Martha Herrera Coria is now unsure of her immigration status, but she's not afraid to speak out.
The 27-year-old Mexican woman is a beneficiary of the Deferred Action for Childhood Arrivals program, which was thrown into turmoil Tuesday when President Donald Trump announced a plan to end it.
"I'm speaking out because so many are afraid to," Herrera Coria told Seven Days Tuesday through an interpreter. "Now is not the time to be defeated, or hide and go back living in the shadows."
Herrera Coria arrived in the U.S., undocumented, with her siblings when she was 15. She gained DACA status in 2012, the same year that president Barack Obama issued an executive order granting temporary relief from deportation for undocumented youth who came to the U.S. as children.
The U.S. Citizenship and Immigration Services has so far granted DACA status to about 800,000 undocumented immigrants. DACA recipients — sometimes called "Dreamers" after a similar, failed bill considered by Congress in 2001 — are able to stay in the U.S. to study, obtain a work permit and apply for a Social Security number. The most recent statistics show that Vermont is home to 42 DACA recipients, the fewest of any state.
But Tuesday's decision means the program will be phased out over the next six months, giving the Republican-controlled Congress a short window to decide on the fate of DACA recipients such as Herrera Coria.
"Having DACA has meant having freedom in this country," she told Seven Days during an interview at Migrant Justice, where the group's spokesman, Will Lambek, acted as an interpreter. "It's been the freedom to have a better job with better pay, it's been the freedom to leave my house, to travel without fear that because of the color of my skin, for being a person of color, that I would be detained and deported."
Herrera Coria moved to Vermont last year after spending much of the past 12 years in New York. Her parents and grandmother still live in Mexico and they, too, are worried for her. She is currently a member of Migrant Justice, a Burlington-based human rights organization that focuses on advocating for undocumented dairy workers in Vermont.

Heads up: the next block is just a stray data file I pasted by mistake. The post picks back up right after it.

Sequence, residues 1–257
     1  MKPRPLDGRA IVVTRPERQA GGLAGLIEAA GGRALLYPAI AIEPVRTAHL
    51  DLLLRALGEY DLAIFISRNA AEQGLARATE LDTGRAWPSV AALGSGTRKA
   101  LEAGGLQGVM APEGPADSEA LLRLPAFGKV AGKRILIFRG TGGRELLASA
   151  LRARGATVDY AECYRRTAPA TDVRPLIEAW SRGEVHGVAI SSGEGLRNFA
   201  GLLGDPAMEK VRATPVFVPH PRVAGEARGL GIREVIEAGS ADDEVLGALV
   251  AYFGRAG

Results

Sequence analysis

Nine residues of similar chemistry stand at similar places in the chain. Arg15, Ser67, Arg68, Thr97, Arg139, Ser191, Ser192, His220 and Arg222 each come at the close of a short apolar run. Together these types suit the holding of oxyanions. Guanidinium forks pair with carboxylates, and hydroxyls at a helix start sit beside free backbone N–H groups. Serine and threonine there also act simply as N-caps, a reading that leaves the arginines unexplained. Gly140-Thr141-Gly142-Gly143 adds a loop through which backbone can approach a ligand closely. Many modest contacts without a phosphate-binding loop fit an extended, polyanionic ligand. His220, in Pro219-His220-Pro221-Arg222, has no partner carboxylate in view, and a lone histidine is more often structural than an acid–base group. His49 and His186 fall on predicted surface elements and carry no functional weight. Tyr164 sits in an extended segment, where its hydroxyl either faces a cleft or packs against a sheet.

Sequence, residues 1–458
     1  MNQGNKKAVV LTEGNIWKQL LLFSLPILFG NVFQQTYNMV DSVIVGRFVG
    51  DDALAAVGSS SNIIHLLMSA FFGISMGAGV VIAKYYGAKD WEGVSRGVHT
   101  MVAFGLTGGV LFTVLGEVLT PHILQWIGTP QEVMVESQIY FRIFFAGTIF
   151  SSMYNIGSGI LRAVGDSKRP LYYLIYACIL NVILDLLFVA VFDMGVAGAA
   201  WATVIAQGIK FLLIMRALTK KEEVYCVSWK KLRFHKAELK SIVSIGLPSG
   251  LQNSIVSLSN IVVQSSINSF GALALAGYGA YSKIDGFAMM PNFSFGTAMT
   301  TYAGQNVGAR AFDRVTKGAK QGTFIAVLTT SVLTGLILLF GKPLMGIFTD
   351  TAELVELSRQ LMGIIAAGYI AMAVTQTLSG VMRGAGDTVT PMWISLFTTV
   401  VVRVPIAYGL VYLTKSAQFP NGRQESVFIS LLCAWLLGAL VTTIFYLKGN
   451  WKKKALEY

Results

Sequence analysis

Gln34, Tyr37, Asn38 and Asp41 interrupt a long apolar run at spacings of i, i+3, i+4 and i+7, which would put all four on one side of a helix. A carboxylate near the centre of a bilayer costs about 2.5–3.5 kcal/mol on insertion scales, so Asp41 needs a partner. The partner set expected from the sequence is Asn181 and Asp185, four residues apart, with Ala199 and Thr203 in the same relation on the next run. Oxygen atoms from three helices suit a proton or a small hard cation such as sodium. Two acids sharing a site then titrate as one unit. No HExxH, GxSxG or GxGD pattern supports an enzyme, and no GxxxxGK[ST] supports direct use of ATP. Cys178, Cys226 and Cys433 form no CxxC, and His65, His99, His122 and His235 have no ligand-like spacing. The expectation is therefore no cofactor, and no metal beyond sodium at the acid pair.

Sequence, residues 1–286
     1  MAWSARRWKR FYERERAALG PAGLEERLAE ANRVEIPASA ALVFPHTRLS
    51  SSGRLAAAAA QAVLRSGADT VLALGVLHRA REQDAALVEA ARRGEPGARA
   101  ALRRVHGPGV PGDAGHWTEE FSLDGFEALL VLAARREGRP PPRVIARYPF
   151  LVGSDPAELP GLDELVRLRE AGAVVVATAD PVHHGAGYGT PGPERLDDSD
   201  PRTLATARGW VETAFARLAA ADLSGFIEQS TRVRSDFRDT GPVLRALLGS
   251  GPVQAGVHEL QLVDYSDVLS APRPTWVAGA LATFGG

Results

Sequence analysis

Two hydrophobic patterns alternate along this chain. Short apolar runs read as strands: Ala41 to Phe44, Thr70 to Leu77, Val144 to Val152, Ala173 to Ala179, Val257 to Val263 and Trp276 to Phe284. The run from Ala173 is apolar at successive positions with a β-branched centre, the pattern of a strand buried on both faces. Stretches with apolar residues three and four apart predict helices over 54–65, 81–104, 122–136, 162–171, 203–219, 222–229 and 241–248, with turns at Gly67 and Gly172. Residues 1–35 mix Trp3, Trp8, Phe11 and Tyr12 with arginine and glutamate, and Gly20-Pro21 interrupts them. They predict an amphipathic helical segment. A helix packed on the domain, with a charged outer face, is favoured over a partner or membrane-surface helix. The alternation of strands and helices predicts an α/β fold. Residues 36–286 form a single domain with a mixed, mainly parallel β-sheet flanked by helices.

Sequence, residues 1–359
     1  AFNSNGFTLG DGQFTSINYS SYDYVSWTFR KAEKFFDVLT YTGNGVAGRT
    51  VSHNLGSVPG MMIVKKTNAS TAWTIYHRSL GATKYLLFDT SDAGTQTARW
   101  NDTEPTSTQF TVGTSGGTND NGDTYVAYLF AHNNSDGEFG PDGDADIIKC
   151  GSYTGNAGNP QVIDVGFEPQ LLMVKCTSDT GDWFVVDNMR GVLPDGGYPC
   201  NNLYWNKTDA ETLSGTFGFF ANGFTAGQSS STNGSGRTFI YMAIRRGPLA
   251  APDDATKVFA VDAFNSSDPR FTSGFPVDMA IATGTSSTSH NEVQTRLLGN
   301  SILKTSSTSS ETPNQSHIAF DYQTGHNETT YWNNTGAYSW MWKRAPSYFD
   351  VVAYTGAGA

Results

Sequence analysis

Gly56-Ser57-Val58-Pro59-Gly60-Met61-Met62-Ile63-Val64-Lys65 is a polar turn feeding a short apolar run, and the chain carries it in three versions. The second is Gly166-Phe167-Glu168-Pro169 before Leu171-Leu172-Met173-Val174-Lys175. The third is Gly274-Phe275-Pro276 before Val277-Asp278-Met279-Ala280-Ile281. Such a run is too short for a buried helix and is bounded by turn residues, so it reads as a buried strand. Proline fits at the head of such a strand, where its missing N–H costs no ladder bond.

"They live in this anguish of what could happen to me," Herrera Coria said of her family. They fear she'll be detained, mistreated "behind bars and kicked out of my country like I'm nothing, and being sent back to Mexico."
Herrera Coria isn't speaking out just for DACA recipients. She's calling on politicians to help all undocumented immigrants, including those who don't qualify for DACA. Being a DACA recipient allowed her to get a better-paying job and a driver's license, she said.
"Now's the time when we need your support more than ever," Herrera Coria said. "And not just for those of us who can lose DACA, but for all immigrants, because migration is a human right."
Lambek agreed. "It's never been just about DACA," he said.
While Dreamers might sometimes be seen as "special" or "a class apart," the new development means that the "800,000 youths who have benefited from this program are being shoved into the same boat as the 10.5 million" undocumented immigrants, Lambek said. "Having this program at risk is having an opportunity for the community to unite and push for something that affects everybody."
Eliminating the DACA program was one of Trump's core campaign promises. In discussing the decision Tuesday morning, U.S. Attorney General Jeff Sessions said that the U.S. "cannot admit everyone who would like to come here."
"Therefore, the nation must set and enforce a limit on how many immigrants we admit each year and that means all cannot be accepted," Sessions said. "This does not mean they are bad people or that our nation disrespects or demeans them in any way. It means we are properly enforcing our laws as Congress has passed them."
The Department of Homeland Security also announced in a memorandum that its personnel will take "all appropriate actions to execute a wind-down of the program."
Ahead of Tuesday's announcement, Middlebury College was one of several schools to issue a statement affirming its support for both DACA and undocumented students.
"This past year we offered assistance to help with DACA renewals, access to an immigration lawyer, and covered other emergency expenses as needed," college president Laurie Patton wrote in an email last Friday. "We pledge to continue with this support and to look for ways of offering resources in case a change of immigration policy leads to a loss of status that invalidates our students’ ability to work or collect financial aid."